I’m a big baby about going to the doctor. I recently had to bribe myself into going.
One particular doctor is in Springfield, so I asked Big Al if we couldn’t stop by a certain restaurant after my appointment. He agreed. It’s one of his favorite stops; mine too both for the food as well as watching the behavior of a specific waitress.
Before that last statement settles in and reads as incredibly creepy, let me point out I’m obviously not the only one. She has an entire restaurant of fans. When we arrived, they were just unlocking the doors and there were a few of us waiting outside to get in. As each group stepped through the door we were greeted with a warm welcome from the manager and a pleasant “Sit anywhere you like.”
I noticed those ahead of us were hesitating, scanning the empty room with its ample seating searching for where they wished to dine. We did the same when it was our turn. We wanted to see where “she” was working.
Describing this woman physically is difficult. She’s probably in her late 50s or early 60s. She’s medium height and medium build. She wears glasses and not much, if any, makeup or jewelry. What stand out are her gracious manners. Specifically it’s the way she says “You’re welcome.”
I love to listen to her interact with customers. I’m positive I could hear the tone in people’s voices change as they interacted with her. They may have come in harried from their morning’s tasks hoping to grab a quick bite for lunch. Their voices sharp with the echoes of orders barked out over the past few hours but within minutes they were softer, kinder.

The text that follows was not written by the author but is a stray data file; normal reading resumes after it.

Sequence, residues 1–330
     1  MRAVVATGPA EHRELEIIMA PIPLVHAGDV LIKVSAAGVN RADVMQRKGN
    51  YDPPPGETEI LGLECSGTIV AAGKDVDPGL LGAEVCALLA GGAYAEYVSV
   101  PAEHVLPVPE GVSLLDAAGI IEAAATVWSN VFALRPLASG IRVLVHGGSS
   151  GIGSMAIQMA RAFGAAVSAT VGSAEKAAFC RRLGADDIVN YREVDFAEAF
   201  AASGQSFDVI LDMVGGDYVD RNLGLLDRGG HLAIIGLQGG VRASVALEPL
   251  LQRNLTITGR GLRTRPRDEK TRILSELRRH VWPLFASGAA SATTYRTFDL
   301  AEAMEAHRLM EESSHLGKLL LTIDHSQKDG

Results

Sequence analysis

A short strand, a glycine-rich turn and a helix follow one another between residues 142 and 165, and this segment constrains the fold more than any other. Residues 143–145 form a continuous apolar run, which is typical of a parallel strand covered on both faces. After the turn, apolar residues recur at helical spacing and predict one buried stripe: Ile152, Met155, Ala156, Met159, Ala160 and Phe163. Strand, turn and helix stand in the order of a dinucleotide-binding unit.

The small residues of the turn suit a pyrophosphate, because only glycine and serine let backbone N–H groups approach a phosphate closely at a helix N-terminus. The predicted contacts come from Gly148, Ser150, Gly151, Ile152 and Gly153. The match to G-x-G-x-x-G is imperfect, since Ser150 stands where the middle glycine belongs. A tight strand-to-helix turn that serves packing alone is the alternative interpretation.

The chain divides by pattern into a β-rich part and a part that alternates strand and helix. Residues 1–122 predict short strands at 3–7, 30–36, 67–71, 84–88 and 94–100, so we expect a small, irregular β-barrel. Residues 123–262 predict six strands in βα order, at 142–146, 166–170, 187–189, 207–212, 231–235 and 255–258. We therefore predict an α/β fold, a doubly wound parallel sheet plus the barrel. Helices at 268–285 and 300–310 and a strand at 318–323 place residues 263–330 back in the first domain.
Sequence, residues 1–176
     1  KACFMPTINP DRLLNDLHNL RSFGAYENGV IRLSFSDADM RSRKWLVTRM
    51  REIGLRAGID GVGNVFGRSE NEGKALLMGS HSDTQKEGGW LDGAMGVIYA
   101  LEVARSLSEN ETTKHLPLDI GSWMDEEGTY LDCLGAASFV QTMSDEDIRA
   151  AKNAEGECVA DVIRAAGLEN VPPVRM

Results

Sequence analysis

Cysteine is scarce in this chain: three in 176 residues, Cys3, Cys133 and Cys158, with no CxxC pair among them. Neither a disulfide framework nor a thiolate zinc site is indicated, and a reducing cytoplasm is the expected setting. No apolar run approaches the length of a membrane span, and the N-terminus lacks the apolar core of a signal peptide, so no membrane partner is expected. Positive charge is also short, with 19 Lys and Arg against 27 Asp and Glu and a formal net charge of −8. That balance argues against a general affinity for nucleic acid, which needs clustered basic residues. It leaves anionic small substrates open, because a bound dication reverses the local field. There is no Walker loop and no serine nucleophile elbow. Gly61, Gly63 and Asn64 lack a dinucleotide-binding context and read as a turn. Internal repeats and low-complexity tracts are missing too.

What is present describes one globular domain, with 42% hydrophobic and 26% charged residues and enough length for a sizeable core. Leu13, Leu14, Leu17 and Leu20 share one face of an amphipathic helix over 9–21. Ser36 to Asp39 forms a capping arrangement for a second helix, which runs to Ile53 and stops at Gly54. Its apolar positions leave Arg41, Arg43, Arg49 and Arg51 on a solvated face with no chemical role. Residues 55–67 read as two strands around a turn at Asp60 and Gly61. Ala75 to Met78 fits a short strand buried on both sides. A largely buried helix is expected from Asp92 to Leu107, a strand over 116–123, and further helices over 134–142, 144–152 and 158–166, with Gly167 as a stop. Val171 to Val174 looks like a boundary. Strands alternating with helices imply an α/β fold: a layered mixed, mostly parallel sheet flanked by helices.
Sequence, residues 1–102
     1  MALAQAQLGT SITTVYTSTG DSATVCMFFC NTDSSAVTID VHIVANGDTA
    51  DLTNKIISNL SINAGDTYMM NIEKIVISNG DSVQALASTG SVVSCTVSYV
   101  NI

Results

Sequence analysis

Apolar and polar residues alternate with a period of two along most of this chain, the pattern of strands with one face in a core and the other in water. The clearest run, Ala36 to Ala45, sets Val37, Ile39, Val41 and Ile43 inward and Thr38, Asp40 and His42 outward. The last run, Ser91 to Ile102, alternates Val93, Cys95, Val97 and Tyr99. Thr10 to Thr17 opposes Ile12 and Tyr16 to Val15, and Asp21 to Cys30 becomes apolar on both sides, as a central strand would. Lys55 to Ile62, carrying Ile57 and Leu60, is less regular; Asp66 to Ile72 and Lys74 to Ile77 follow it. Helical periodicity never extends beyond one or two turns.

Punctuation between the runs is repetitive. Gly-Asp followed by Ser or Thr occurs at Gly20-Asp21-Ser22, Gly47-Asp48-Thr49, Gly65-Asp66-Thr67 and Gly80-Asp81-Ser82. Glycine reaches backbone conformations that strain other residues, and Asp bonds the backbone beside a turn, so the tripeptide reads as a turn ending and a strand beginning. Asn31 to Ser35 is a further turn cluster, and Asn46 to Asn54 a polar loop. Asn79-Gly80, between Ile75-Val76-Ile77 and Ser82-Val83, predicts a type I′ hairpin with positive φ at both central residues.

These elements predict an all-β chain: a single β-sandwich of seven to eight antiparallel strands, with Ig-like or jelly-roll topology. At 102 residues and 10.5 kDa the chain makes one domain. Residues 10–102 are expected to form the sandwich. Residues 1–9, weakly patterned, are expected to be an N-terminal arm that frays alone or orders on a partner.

No matter how quick or quiet the “thank you” from diners was muttered, our waitress was quick to offer a warm and kind “you’re welcome” in return.
Every time we’re there I remark to Alan, “I love the way she says that.” It’s just part of our expected conversation during the meal. I’ve even tried to practice saying “you’re welcome” with the same level of sincerity but I just can’t quite pull it off. It’s as if this waitress has a special insight into the phrase, as though she coined it herself.
It occurred to me this week that I had never told her how much I appreciated her; how I loved feeling the appreciation returned when she said “you’re welcome.” So as Big Al went up front to pay, our waitress came over and began clearing the table. I stopped her, thanked her for being our waitress and said, “I have to tell you how much I enjoy eating here. You have the most delightful and warm personality.”
She looked up at me, slightly surprised and replied, “Cool!”